Lattice-Based Zero-Knowledge Proofs of Knowledge

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The main goal of this dissertation is to develop new lattice-based cryptographic schemes. Most of the cryptographic protocols that each and every one of us use on a daily basis are only secure under the assumption that two mathematical problems, namely the discrete logarithm on elliptic curves and the factorization of products of two primes, are computationally hard. That is believed to be true for classical computers, but quantum computers would be able to solve these problems much more efficiently, demolishing the foundations of plenty of cryptographic constructions. This reveals the importance of post-quantum alternatives, cryptographic schemes whose security relies on different problems intractable for both classical and quantum computers. The most promising family of problems widely believed to be hard for quantum computers are lattice-based problems.

We increase the supply of lattice-based tools providing new Zero-Knowledge Proofs of Knowledge for the Ring Learning With Errors (RLWE) problem, perhaps the most popular lattice-based problem. Zero-knowledge proofs are protocols between a prover and a verifier where the prover convinces the verifier of the validity of certain statements without revealing any additional relevant information. Our proofs extend the literature of Stern-based proofs, following the techniques presented by Jacques Stern in 1994. His original idea involved a code-based problem, but it has been reiteratedly improved and generalized to be used with lattices.

We illustrate our proposal defining a variant of the commitment scheme, a cryptographic primitive that allows us to ensure some message was already determined at some point without revealing it until a future time, defined by Benhamouda et al. in ESORICS 2015, and proving in zero-knowledge the knowledge of a valid opening. Most importantly we also show how to prove that the message committed in one commitment is a linear combination, with some public coefficients, of the committed messages from two other commitments, again without revealing any further information about the messages. Finally, we also present a zero-knowledge proof analogous to the previous one but for multiplicative relations, something much more involved that allows us to prove any arithmetic circuit.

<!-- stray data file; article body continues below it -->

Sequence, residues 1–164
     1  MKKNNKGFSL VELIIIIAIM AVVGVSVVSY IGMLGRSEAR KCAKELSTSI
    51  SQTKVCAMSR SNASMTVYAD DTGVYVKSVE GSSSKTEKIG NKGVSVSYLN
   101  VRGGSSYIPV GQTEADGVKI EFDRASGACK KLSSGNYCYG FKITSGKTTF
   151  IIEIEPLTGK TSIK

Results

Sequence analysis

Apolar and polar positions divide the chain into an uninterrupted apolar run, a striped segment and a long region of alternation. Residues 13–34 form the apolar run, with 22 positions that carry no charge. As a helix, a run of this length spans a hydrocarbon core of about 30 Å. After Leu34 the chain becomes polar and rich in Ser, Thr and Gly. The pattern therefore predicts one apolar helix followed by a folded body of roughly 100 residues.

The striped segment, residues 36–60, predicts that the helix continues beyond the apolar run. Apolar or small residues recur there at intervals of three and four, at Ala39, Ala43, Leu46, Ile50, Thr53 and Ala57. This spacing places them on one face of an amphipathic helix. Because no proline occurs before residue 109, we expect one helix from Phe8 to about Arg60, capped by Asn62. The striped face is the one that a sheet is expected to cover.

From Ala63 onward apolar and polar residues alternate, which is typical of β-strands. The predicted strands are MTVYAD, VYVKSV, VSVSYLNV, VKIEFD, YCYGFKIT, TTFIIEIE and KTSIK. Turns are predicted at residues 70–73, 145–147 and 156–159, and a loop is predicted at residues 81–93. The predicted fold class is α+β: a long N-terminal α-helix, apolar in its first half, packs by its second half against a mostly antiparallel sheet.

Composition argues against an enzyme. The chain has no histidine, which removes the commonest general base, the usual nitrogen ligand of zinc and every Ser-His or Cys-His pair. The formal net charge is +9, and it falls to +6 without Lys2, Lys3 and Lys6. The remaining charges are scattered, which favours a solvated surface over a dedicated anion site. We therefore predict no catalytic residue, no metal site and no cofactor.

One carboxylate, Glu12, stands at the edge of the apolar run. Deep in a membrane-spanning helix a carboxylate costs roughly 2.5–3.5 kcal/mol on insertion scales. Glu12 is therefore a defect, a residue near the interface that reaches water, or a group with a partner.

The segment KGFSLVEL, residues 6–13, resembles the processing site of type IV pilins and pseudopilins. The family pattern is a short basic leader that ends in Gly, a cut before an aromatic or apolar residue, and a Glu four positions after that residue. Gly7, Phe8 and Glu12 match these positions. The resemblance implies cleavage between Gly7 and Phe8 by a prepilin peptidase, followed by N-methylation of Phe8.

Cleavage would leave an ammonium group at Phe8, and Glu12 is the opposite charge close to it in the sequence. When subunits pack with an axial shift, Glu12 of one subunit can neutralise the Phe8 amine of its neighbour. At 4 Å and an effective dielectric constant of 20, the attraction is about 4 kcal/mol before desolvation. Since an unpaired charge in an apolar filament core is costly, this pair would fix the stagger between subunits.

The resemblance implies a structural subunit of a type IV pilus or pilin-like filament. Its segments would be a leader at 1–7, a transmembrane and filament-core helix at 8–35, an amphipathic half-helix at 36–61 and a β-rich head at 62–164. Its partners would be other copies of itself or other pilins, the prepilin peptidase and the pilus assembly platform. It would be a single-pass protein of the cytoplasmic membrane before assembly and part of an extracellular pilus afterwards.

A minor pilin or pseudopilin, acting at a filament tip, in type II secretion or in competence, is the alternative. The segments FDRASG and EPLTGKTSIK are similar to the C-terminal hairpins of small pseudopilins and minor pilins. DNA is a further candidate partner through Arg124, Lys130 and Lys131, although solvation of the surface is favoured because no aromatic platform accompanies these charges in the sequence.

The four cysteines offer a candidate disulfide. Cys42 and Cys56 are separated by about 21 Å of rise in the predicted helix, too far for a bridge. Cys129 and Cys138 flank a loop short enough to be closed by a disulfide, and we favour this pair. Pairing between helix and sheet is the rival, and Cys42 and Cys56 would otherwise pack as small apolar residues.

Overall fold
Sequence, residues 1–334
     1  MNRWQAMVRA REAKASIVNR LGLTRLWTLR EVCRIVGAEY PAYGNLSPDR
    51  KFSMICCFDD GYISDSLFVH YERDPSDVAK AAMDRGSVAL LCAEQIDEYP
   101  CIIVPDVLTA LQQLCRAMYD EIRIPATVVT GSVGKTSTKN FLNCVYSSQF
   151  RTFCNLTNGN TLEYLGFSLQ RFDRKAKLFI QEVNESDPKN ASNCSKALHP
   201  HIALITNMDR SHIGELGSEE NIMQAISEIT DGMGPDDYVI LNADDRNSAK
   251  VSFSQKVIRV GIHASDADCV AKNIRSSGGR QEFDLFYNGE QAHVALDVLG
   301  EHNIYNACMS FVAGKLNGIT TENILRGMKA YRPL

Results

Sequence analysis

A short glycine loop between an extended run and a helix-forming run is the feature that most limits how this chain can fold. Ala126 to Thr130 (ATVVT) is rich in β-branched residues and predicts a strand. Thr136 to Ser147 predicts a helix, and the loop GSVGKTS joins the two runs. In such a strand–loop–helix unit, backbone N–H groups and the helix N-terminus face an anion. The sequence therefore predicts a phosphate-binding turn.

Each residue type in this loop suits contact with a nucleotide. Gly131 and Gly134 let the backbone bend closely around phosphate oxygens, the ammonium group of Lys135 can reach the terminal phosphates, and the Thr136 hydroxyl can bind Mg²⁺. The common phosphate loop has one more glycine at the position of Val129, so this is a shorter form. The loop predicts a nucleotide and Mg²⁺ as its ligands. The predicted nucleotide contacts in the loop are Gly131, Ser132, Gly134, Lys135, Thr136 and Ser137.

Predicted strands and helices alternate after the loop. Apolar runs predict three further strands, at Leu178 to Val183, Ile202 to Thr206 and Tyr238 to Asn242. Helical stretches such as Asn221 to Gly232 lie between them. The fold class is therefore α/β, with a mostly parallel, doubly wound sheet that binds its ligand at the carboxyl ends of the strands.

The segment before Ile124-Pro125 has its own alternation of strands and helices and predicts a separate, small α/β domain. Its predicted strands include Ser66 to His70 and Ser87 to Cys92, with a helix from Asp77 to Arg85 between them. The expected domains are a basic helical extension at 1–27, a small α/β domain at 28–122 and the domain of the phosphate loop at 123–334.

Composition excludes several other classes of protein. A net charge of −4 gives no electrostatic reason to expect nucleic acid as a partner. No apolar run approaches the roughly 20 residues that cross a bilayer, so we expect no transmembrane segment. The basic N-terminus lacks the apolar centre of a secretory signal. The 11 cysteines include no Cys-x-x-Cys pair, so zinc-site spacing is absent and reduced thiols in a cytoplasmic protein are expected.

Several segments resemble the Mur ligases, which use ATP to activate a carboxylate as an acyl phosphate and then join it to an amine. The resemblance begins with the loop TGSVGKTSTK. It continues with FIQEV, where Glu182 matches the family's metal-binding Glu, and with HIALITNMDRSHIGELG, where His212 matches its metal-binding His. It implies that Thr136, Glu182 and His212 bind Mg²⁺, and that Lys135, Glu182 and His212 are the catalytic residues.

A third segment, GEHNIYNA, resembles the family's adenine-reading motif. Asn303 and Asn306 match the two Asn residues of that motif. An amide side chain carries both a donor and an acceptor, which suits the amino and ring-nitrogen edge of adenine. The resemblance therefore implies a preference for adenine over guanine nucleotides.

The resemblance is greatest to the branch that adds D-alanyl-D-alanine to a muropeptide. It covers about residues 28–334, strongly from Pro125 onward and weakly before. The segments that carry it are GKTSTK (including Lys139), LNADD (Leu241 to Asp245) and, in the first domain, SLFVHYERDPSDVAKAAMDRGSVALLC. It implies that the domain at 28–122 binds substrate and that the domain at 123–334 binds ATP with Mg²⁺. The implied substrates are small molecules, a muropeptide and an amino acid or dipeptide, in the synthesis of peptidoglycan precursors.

We give first an interactive version of these proofs and then show how to construct a non-interactive one. We diligently prove that both the commitment and the companion Zero-Knowledge Proofs of Knowledge are secure under the assumption of the hardness of the underlying lattice problems. Furthermore, we specifically develop such proofs so that the arising conditions can be directly used to compute parameters that satisfy them. This way we provide a general method to instantiate our commitment and proofs with any desired security level. Thanks to this practical approach we have been able to implement all the proposed schemes and benchmark the prototype im-plementation with actually secure parameters, which allows us to obtain meaningful results and compare its performance with the existing alternatives.

Moreover, provided that multiplication of polynomials in the quotient ring \(\mathbb{Z}_{p}[x]/\left\langle{}x^{n}+1\right\rangle{}\), with \(p\) prime and \(n\) a power of two, is the most basic operation when working with ideal lattices we comprehensively study what are the necessary and sufficient conditions needed for applying (a generalized version of) the Fast Fourier Transform (FFT) to obtain an efficient multiplication algorithm in quotient rings as \(\mathbb{Z}_{m}[x]/\left\langle{}x^{n}-a\right\rangle{}\) (where we consider any positive integer \(m\) and generalize the quotient), as we think it is of independent interest. We believe such a theoretical analysis is fundamental to be able to determine when a given generalization can also be applied to design an efficient multiplication algorithm when the FFT is not defined for the ring we are considering. That is the case of the rings used for the commitment and proofs described before, where only a partial FFT is available.